Museum Folkwang
Essen, Germany

Fólkvangr (people’s meadow): a term used in the Old Norse epic verses, Edda, to describe the abode of the goddess Freya. Museum Folkwang was founded by Karl Ernst Osthaus (1874–1921) in the Westphalian industrial town of Hagen in 1902. The then art history, literature and philosophy student acquired the necessary funds by inheritance. From its beginnings as an art collection supplemented by natural history and arts-and-craft pieces, it soon developed into a pioneering modern art museum in Germany. As the first public collection in Germany, Museum Folkwang purchased and exhibited works by trailblazers in Modernism such as Cézanne, Gauguin, van Gogh and Matisse. Following the death of the museum’s founder in 1921, the newly-founded Folkwang-Museumverein e.V., a progressive initiative formed by art aficionados from Essen, purchased the Osthaus collection for the city of Essen and consolidated the collection with the Municipal Art Museum, established in 1906, to create Museum Folkwang.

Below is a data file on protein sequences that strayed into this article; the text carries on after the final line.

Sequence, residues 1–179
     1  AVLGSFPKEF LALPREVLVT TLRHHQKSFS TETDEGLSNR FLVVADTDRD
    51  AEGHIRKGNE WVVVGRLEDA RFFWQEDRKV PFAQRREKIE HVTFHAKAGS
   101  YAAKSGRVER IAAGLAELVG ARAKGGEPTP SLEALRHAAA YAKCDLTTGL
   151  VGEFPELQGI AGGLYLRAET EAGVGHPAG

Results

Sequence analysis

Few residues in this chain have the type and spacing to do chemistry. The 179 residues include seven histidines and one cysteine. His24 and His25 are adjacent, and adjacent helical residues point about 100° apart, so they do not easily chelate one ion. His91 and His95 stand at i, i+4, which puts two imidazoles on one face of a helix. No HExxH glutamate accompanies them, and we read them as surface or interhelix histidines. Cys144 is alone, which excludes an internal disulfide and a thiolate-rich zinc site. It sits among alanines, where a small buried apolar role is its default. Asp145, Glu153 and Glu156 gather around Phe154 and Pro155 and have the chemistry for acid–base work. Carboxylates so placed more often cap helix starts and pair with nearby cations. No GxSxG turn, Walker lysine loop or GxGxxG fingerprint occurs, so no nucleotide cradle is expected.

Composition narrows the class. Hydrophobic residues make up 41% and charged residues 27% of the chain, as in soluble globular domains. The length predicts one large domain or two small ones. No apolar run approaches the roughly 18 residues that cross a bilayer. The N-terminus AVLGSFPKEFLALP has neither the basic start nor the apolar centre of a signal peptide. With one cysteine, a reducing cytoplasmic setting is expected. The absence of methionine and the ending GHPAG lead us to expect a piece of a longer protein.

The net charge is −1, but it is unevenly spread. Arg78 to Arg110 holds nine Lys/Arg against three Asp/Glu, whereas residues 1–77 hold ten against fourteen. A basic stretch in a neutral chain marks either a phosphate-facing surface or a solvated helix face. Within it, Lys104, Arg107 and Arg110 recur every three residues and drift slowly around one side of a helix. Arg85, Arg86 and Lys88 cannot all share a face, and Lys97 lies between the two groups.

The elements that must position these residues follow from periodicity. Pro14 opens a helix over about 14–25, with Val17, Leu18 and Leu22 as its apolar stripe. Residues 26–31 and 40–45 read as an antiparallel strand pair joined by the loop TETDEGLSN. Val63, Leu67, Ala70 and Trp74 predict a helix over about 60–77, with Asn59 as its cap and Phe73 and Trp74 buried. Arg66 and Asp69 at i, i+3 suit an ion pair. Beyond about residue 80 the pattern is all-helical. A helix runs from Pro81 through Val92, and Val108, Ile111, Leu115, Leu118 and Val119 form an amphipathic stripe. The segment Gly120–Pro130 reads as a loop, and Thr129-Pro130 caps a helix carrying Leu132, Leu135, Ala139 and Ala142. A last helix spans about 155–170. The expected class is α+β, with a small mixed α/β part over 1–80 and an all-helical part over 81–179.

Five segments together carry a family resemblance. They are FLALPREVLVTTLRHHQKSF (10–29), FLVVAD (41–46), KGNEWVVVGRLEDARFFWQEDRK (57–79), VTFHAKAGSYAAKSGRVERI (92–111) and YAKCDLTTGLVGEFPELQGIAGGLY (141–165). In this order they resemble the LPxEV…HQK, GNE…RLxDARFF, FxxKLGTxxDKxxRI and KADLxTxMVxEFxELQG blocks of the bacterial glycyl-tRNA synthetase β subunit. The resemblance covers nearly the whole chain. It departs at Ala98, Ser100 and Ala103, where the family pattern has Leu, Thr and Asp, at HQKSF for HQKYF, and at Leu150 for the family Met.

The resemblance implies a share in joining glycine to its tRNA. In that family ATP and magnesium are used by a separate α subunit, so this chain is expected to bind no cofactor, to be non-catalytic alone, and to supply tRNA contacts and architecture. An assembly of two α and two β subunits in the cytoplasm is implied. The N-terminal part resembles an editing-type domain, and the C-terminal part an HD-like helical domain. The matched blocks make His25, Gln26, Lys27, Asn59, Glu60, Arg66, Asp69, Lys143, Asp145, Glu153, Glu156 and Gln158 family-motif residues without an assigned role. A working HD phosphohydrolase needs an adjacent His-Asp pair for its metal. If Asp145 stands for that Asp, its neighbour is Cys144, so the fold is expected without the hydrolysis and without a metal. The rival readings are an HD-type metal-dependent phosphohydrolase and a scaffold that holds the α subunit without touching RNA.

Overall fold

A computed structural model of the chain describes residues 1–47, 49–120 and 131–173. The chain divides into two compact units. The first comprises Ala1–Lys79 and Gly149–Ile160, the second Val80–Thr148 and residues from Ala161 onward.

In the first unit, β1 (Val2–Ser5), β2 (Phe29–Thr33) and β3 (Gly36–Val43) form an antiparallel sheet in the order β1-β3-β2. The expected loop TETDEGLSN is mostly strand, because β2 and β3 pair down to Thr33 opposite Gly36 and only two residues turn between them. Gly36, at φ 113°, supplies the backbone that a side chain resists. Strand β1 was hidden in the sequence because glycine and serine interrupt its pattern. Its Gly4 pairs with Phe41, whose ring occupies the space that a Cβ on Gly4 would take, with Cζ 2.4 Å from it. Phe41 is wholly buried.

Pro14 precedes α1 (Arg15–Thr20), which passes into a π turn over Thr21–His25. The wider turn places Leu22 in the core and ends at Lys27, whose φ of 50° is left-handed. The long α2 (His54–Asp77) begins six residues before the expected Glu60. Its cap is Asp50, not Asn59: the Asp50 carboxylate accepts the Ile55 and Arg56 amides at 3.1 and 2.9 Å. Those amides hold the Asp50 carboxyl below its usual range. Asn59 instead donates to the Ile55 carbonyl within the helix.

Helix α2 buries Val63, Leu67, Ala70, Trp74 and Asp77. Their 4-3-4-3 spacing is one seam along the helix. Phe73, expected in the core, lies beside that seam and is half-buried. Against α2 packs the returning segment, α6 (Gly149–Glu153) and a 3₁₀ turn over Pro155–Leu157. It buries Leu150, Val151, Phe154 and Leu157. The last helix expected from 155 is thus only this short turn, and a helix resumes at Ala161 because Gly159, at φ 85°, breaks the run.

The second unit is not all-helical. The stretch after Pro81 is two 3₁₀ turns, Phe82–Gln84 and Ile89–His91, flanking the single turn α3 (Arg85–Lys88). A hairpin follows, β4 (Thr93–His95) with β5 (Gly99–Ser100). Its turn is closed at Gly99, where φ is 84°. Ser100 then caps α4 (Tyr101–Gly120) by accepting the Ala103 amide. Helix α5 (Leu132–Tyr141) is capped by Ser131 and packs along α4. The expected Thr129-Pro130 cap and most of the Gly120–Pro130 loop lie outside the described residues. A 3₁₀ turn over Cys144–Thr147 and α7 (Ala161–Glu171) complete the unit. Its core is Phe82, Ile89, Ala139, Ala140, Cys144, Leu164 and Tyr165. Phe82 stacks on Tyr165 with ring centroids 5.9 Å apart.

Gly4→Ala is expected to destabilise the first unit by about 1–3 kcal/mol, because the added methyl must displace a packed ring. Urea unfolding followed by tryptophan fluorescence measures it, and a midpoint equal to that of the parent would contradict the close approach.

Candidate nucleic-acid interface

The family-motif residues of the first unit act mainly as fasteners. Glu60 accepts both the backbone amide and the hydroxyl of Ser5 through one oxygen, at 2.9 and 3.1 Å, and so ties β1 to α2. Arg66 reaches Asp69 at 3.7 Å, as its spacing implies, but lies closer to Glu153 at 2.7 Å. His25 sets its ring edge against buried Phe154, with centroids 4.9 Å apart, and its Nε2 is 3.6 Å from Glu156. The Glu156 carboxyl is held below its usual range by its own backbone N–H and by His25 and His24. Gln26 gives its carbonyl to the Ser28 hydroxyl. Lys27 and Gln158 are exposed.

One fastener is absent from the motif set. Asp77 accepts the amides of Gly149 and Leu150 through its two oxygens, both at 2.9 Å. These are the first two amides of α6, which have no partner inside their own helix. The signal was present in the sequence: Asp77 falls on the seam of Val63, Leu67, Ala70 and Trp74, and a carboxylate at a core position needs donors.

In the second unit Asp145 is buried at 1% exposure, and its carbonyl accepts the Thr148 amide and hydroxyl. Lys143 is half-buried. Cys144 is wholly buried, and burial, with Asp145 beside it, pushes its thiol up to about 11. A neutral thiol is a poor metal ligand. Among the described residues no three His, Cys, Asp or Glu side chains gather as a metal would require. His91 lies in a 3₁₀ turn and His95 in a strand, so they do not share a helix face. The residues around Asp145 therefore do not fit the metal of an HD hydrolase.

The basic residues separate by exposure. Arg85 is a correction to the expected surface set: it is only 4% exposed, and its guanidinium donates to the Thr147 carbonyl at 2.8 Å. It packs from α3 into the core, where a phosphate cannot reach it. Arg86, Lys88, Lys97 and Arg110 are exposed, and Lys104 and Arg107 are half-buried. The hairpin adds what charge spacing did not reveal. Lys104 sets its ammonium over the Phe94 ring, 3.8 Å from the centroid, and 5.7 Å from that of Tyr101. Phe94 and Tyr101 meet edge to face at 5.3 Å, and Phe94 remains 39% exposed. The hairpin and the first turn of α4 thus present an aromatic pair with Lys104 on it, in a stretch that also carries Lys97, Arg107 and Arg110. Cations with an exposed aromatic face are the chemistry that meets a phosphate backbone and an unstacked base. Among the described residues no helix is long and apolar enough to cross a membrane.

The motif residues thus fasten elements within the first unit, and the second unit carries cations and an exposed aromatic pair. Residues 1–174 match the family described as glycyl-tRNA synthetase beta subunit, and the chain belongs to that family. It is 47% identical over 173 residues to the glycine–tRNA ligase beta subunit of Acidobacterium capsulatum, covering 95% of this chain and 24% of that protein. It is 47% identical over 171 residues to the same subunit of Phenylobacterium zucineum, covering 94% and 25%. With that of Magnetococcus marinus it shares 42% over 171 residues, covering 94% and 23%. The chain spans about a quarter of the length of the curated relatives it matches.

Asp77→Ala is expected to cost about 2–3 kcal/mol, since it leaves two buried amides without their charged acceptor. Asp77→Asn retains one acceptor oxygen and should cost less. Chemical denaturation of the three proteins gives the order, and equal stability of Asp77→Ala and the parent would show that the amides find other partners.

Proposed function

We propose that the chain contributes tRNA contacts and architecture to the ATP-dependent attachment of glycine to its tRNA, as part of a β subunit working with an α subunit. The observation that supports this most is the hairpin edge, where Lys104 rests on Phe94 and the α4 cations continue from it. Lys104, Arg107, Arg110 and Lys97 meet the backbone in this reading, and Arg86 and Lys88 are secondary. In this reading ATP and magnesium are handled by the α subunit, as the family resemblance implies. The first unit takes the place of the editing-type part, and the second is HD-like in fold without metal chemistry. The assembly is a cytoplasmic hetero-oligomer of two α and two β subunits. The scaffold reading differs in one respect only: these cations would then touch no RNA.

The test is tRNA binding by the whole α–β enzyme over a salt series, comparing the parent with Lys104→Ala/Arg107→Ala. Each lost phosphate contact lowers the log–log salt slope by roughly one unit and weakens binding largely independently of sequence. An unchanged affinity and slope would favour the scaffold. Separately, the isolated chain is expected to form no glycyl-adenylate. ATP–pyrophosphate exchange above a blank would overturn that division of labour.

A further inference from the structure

Today Museum Folkwang is one of the most prominent art museums in Germany with outstanding collections of painting and sculpture from the 19th century, Classical Modernism and the post-1945 period, as well as photography, to which Museum Folkwang has dedicated its own department since 1979.